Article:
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Guinea: A Reason to Worry

5 minute read

Stepping regally from his Citroen, Guinea’s President Sékou Touré marched to the podium through a squad of women police in white breeches and gleaming boots. A din of drums and balaphon music filled the square, while gales of girls in green, red and yellow hand-printed dresses waited eagerly for the word. Sékou’s speech was “to women in prisons all over the country,” whose sentences, he announced, would herewith be reduced by a year — except for those held for criminal offenses.

That meant there were plenty of female (not to mention male) political prisoners in Guinea, and that Sékou was just a bit worried about his seven-year grip on the government.

Expunging PUNG. There was reason to worry. In November, his Politburo announced details of an abortive coup d’état that aimed at the murder of Sékou and the overthrow of the regime. Chief local plotter: Mamadou (Petit) Touré, a distant cousin of the President who was fired last year from the directorship of a national textile firm for embezzlement. Last week Little Touré was rumored to be under sentence of death, along with two former government ministers, an army battalion commander and a slew of petty traders — all members, apparently, of an outfit known as PUNG (Parti de I’ Unité Nationale de Guinée), which Big Touré feels must be expunged.

Discontent is understandable in Guinea. Potentially one of the richest of the French West African states, it is now going to seed as only a nationalized African state can. In the capital city of Conakry, the nationalized Printania store displays empty shelves, broken windows, and East European canned goods (gulyás, pickled pork, beans), as well as toy Chinese Communist trucks at $8 apiece and East German pliers for $4. Women queue up for soap powder, tin buckets and sandals cut from old bicycle tires.

Muffled Herd. Despite five American generators, Conakry suffers from a permanent power shortage. Nightfall in the Medina, Conakry’s most populous quarter, is barely dispelled by flickering candles and the dim yellow of underpowered bulbs. Hard pressed for power, the Chinese Communists who staff Peking’s aid program recently put to use an American electric generator (provided to Guinea by U.S. aid) in their cigarette factory at Wassawassa—until U.S. officials demanded its removal. Last month Sékou Touré’s prestigious but overextended Air Guinée had to cease operations: only one of its four routes was paying its own way, and its Soviet Ilyushin transports were breaking down regularly, along with a few American-supplied DC-4s.

An assembly plant for Mack trucks has a capacity for 800 vehicles annually (ranging from municipal garbage trucks to 15-ton freighters), but only 80 have come off the line since last May. Conakry has yet to get a taste of the milk from cows at the Russian-built dairy at Ditinn, where mosquito nets muffle the lowing of the herd. A West German slaughterhouse in Conakry kills no more than one steer a month, though its capacity is 40 tons of beef a day. Even the East German printing plant—once humming with Sékou’s propaganda—has been reduced to printing labels for imported Chinese Communist beer.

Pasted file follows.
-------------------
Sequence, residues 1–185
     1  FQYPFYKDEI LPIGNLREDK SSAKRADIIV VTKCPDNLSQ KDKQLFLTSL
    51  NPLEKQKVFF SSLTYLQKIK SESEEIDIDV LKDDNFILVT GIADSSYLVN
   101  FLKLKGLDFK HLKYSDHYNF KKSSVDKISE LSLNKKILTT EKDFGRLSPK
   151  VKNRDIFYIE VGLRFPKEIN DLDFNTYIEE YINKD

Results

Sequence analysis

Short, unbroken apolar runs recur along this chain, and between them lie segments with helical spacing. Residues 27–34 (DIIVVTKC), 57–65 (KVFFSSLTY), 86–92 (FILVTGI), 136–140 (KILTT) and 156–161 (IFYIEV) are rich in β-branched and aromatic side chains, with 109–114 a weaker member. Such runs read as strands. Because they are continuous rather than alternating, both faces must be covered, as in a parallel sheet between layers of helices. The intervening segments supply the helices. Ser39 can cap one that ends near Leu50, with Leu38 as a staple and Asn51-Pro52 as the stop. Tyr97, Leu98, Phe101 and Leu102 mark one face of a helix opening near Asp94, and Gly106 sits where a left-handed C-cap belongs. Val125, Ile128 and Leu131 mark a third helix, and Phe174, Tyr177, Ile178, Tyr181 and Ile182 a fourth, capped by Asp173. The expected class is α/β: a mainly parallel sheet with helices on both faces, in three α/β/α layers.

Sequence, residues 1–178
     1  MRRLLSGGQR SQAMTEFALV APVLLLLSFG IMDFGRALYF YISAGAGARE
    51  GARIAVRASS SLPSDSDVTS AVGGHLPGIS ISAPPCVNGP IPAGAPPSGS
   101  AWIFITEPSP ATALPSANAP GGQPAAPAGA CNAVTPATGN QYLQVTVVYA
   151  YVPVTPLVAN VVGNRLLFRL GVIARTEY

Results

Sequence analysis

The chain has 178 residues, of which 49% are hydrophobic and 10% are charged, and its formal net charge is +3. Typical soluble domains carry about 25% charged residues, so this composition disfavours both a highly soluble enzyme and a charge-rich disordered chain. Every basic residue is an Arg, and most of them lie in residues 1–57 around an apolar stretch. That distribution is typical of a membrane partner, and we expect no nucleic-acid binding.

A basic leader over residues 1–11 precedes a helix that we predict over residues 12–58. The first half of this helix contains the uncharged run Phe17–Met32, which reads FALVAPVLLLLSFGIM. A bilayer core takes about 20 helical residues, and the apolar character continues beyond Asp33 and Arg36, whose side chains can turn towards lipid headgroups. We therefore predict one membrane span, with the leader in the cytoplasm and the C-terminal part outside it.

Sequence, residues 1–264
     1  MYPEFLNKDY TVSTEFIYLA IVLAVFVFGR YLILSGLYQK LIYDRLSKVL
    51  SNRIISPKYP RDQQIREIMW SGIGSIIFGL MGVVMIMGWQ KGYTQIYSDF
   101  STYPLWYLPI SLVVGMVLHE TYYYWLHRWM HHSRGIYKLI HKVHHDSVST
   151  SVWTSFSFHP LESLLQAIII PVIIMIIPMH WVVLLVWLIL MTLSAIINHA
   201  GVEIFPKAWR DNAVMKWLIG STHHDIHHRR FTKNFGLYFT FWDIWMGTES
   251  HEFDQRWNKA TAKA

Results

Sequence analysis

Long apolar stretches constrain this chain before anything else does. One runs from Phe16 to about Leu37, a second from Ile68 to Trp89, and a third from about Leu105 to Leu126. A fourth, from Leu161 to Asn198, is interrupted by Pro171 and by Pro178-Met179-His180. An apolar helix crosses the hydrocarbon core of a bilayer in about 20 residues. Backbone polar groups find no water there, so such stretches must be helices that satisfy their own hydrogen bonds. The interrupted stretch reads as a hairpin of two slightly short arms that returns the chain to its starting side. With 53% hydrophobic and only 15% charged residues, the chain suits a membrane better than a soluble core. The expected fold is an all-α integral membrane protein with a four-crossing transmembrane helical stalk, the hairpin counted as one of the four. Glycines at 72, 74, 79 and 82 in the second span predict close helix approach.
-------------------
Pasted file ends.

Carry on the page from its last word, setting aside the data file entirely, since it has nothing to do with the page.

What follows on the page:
None of that seems to bother Sékou Touré, who has long been accustomed to letting foreigners handle his economy while he deals with the crucial matter of “African consciousness.” Guinea gets $250 million a year in aid from donors as disparate as Russia, Red China and the U.S. (Washington’s major contribution is $15 million worth of rice). Meanwhile, Sékou sits in the garden of his official residence, listening to the drums of competitors training for the Quinzaine Artistique—a national exposition of dance and timpani aimed at expressing the Guinean soul. “Money and purchasing power do not change men’s consciousness or build nations,” argues Sékou.

Dual Nationality. But Guineans cannot help noticing the results of a different philosophy in the neighboring Ivory Coast. There, President Félix Houphouet-Boigny emphasizes creativity rather than Sékou’s “creative spirit.” Despite a predominantly agricultural economy, the Ivory Coast has slowly, steadily raised its per-capita income to $186 a year—three times that of Guinea. Where Guinea runs a hefty trade deficit, the Ivory Coast has a $45 million surplus—a profit figure that equals Guinea’s entire export volume.

Houphouet’s capital, Abidjan, is a gleaming counterpoint to Touré’s drab Conakry. Abidjan’s glass-and-concrete apartments and shopping blocks are strung on a sparkling string of lagoons; its restaurants and stores rate with the best in Africa. Touré seldom misses a chance to slam Houphouet-Boigny as “too French for my taste,” which doesn’t bother Houphouet. With West Africans—including thousands of Guineans—swarming to his country for jobs, and no apparent political threats on the horizon, he last week took a major step to encourage immigration. Beginning this month, citizens from the neighboring countries of Dahomey, Niger, Upper Volta and Togo who want to work in the Ivory Coast will have “dual nationality,” be able to vote in Ivory Coast elections and take full part in local government. Guineans were not included, which is perhaps fortunate for Sékou, who might otherwise find himself a man without a countryman.

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